The highest sandstone peak in Red Rock Canyon National Conservation Area, Mount Wilson is a complex formation that has several subpeaks with local/unofficial names, and each has its own summit register. Some of them, such as White Rock Pinnacle, Dead Horse Point, and Ela Tan Point, are more distinct "features" than they are true subpeaks; they do not stand out prominently on their own. On the other hand, there is Cactus Flower Tower, which "grows" out of the northeastern corner of Wilson but which is separated from the main mass by a deep notch that makes the peak far more distinctive than the aforementioned features. Moreover, there is no simple way between the two peaks; to climb both in a day requires descending into a canyon bottom after climbing one peak and then taking a different route to climb the other.
Finally, there is South Wilson, sometimes called the South Summit (or Peak) of Mt. Wilson. Although it lacks the minimum 300' prominence used in many places to delineate a separate "ranked" peak, it does have a few things going for it to justify considering it as its own summit:
First, the fact that it has a separate name.
Second, the fact that with the exception of one pretty obscure route (going to South Wilson and then Wilson from White Rock Pinnacle and Dead Horse Point), no established scrambling route on Wilson traverses South Wilson as well.
A summit distinct enough in form and distance from the main one to be seen as its own entity rather than a false summit or a mere bump on a ridge.
Mt. Wilson and First Creek Canyon
Were it a ranked peak, South Wilson would be the fifth-highest sandstone peak in RRCNCA, behind Mount Wilson, North Peak, Bridge Mountain, and Rainbow Wall.
Something else that makes South Wilson worth it is that it has twin summits, virtually the same in height (the northernmost of the pair seems to be slightly higher and also houses the summit register), and each is smaller, more exposed, and harder to climb (Class 3-4) than the summit block of the main peak is (easy Class 3, maybe actually just 2+).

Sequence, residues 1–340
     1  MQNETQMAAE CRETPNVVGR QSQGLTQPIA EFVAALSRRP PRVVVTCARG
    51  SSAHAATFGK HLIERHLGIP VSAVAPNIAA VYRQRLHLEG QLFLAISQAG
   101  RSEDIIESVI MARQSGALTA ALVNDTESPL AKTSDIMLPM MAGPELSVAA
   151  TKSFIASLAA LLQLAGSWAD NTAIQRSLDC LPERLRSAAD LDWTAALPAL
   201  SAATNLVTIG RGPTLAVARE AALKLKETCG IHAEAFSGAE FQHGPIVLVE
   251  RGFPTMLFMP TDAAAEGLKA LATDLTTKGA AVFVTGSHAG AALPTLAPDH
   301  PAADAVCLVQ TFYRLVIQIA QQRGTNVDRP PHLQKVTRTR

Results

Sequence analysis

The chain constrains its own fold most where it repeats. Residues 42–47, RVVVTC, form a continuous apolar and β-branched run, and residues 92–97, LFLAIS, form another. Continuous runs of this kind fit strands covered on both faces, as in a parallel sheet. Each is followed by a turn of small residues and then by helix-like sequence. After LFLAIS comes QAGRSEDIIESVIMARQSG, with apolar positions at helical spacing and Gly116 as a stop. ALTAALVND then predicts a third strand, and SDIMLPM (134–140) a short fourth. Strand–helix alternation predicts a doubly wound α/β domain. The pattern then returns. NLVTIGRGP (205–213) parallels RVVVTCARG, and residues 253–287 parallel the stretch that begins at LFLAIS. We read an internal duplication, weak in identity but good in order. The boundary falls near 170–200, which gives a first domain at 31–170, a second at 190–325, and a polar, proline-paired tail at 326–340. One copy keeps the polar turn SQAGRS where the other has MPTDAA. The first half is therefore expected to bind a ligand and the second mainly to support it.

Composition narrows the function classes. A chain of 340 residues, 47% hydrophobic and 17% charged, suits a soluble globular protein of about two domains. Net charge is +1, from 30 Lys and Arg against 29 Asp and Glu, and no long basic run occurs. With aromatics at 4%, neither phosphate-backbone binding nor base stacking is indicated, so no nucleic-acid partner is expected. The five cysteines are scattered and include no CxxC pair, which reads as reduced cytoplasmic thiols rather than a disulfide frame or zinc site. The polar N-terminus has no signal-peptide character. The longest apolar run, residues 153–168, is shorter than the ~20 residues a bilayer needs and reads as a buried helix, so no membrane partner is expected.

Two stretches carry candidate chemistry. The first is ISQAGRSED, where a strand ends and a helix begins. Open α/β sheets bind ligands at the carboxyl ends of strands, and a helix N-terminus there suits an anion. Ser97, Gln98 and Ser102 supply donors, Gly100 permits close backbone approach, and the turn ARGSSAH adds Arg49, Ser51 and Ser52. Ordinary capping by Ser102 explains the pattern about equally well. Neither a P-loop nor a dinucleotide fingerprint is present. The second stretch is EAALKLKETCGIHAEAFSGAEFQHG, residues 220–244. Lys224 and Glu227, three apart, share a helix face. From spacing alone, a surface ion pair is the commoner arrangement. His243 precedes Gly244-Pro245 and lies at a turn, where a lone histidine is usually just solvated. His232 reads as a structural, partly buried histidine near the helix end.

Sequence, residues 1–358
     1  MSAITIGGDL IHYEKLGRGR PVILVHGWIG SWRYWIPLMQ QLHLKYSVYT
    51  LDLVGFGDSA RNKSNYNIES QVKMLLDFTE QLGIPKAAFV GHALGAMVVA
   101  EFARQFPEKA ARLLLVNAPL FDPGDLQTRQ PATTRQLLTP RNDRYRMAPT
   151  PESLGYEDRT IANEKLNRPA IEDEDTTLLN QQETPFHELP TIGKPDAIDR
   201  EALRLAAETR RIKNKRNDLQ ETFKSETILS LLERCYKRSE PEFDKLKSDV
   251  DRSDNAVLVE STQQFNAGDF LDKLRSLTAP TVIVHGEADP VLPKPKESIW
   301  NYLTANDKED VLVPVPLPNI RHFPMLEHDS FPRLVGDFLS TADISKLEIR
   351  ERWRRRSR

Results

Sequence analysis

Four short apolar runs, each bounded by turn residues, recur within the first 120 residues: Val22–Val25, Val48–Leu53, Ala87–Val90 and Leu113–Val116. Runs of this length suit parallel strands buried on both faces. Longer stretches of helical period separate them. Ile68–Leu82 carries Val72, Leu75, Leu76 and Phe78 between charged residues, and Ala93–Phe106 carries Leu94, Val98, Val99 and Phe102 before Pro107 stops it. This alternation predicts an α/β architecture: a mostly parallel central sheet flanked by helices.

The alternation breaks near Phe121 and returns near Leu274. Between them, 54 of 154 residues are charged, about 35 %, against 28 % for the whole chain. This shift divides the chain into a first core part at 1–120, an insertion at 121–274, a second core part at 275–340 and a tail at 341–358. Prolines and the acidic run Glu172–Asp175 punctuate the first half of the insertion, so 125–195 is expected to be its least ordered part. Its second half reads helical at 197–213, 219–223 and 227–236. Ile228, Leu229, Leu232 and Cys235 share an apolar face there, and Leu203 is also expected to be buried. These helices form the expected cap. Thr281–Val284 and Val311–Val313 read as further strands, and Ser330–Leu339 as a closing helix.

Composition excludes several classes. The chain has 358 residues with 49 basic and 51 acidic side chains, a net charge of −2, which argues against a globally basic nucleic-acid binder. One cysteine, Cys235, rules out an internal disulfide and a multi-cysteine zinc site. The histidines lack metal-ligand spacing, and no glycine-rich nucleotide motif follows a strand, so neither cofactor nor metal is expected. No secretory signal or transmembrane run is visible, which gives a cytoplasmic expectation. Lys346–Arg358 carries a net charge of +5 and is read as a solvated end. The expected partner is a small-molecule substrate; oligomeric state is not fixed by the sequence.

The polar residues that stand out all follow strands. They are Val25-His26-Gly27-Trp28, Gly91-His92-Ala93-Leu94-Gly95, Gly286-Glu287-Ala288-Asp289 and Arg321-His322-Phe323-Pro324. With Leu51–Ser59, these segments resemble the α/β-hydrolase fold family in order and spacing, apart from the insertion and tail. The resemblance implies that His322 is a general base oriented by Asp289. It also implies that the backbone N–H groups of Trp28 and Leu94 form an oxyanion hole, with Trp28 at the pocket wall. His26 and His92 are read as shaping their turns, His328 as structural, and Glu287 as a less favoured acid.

South Wilson Summit Block
Lower Twin Summit Block
Lower Twin from Higher Twin
While South Wilson is probably best paired with Mt. Wilson, especially if one can arrange for a vehicle shuttle (or plan on a long loop) so that one can experience different routes and both Oak Creek and First Creek Canyons, it makes a fine destination of its own. Although, probably due to the lengths of its routes, Wilson's summit is not exactly a "busy" one, anyone craving solitude is far more likely to find it on South Wilson; from checking out the register, I surmised that the summit sees on average one to two parties per month in the colder months and perhaps twice that in the spring and fall months. It probably sees few or no ascents during the summer; the routes are just too long and too exposed for most to want to take on in the scorching summer heat out here.
Where you park depends on the route you want to use.
Take Charleston Boulevard (SR 159) west through Summerlin. After the development abruptly ends and the desert begins, drive a few miles to the well-marked entrance to the Scenic Drive. If you are using one of the routes via Oak Creek Canyon, you can turn off here and drive the one-way road for about 12 of its 13 miles to the trailhead for Oak Creek Canyon. This involves paying a fee at the entrance station; curves, hills, cyclists, and slow drivers will be factors as well.
The exit from the Scenic Drive is about three miles farther along 159. You can avoid the fee and the one-way loop drive by parking at the unmarked but easily seen trailhead for North Oak Creek Trail located along SR 159 a short distance west of the loop drive's exit. This, of course, adds some hiking distance each way-- 0.9 mi.